Mark Zinno: NFL Not Prepared For Coming Out Party
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The NFL is headed for a huge dilemma. In fact it’s a ticking time bomb. They NFL has been put on notice of what’s ahead. They have time to plan. They have time to be proactive. They have time to avoid the pitfalls of this inevitable situation. And here in Baltimore, we have one of our own championing the cause of what is the NFL’s biggest unspoken fear – and that’s a gay player in an NFL locker room.
Now I’m not here to talk about whether or not this is a good thing or a bad thing. I’m not going to take sides on whether or not I agree or disagree with a player coming out, because honestly, I could care less. It’s none of my business, it doesn’t affect me and it won’t affect how I view the player or the team he plays for. I’m not that guy.
It’s been talked about throughout last season, through the Super Bowl, into the NFL combine and now this off-season. And I wonder if the NFL has taken notice. If you ask me they haven’t, and shame on them for not. Here’s how I know they haven’t begun to scratch the surface of this issue. Chris Culliver got off scot-free after his remarks at the Super Bowl on Media Day. If you look at other professional sports, when people have made bigoted-type remarks, the leagues have come down on them. When former Reds owner Marge Schott made racist and anti-Semitic remarks, Major League Baseball suspended her for an entire year in 1993. When Kobe Bryant used a gay slur on the sidelines of an NBA game, the league fined him $100,000. So when Chris Culliver stuck his foot in his mouth about having a gay teammate in the NFL, the largest, most watched sport in America, what did Roger Goodell and the NFL do? Nothing. No suspension. No fine. No statement even distancing themselves from the player or the comments.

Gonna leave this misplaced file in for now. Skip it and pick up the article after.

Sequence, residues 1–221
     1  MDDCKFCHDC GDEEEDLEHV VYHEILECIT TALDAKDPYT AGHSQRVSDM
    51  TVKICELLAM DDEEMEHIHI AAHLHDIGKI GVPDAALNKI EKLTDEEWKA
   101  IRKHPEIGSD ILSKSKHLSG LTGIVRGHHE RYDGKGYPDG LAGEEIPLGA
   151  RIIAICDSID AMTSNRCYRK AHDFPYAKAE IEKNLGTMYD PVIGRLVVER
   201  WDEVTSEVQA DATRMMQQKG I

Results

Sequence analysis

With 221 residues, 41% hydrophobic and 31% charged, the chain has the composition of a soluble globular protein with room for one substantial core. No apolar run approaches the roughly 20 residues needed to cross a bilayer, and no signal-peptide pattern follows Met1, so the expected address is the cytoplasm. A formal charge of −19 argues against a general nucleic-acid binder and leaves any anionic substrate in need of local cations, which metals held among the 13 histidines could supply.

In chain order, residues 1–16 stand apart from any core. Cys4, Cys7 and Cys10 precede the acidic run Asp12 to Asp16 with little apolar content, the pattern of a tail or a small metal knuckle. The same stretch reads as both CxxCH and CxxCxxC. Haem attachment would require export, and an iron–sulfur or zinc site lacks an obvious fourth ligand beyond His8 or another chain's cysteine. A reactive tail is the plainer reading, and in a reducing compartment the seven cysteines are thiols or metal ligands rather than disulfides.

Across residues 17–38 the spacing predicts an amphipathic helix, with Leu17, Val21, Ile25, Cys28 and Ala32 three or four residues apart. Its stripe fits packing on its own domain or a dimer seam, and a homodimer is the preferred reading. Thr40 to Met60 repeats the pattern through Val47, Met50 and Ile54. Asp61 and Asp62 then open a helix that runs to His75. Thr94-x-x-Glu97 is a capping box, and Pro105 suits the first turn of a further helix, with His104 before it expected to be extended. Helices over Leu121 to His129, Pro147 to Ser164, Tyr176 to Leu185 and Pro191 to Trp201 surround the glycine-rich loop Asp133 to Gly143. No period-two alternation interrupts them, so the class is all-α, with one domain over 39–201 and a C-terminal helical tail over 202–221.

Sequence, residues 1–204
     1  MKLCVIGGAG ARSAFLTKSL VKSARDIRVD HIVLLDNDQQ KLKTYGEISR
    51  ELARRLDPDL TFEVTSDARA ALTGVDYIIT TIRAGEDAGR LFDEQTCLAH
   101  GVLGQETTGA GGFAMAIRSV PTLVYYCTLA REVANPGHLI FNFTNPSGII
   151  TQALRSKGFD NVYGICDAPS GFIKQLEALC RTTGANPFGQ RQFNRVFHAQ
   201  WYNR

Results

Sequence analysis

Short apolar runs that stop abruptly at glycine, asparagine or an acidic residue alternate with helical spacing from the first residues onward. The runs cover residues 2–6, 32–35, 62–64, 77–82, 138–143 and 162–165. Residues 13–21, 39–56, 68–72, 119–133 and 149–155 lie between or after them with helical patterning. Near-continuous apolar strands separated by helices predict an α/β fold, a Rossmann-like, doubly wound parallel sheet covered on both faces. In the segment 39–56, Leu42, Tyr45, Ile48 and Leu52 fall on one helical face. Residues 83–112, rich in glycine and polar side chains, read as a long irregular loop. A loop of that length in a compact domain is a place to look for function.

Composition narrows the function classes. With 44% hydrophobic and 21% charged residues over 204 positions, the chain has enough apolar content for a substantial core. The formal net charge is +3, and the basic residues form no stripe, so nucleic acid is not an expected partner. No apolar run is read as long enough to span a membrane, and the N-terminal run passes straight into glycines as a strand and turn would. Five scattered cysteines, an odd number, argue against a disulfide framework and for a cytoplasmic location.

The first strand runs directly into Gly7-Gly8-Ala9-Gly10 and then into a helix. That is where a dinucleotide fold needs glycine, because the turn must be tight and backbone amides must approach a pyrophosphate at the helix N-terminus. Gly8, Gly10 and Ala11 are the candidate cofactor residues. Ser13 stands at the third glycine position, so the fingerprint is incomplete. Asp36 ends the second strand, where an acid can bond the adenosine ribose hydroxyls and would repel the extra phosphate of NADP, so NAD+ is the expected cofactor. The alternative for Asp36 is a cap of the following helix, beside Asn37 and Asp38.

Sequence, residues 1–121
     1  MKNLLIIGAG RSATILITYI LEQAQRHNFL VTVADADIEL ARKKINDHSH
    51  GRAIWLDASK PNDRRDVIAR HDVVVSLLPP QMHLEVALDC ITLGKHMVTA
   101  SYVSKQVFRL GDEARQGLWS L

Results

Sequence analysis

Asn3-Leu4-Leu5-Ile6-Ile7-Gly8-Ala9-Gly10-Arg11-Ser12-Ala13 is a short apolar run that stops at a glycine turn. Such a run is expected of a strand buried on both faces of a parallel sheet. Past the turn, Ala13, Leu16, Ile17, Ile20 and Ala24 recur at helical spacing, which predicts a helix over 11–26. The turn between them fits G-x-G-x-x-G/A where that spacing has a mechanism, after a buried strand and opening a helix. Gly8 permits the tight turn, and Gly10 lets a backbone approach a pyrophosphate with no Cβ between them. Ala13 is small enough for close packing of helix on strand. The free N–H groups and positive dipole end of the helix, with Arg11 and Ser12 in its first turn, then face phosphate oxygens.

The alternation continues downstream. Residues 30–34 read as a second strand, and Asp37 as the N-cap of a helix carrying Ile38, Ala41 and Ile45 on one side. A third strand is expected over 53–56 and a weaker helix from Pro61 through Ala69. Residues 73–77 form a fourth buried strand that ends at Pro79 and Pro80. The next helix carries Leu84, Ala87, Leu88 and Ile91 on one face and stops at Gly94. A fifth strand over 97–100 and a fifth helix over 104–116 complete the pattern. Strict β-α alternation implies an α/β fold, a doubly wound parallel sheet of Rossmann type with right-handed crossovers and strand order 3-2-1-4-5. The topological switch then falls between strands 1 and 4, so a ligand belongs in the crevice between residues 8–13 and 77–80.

Shame on the NFL. And it just says that they aren’t ready as a league, to deal with this issue. But they better get ready soon. And they better. Because a gay player is coming out sooner rather than later and for a league that holds itself up higher than others, it can be a disgraceful fall and a permanent black eye for the NFL.
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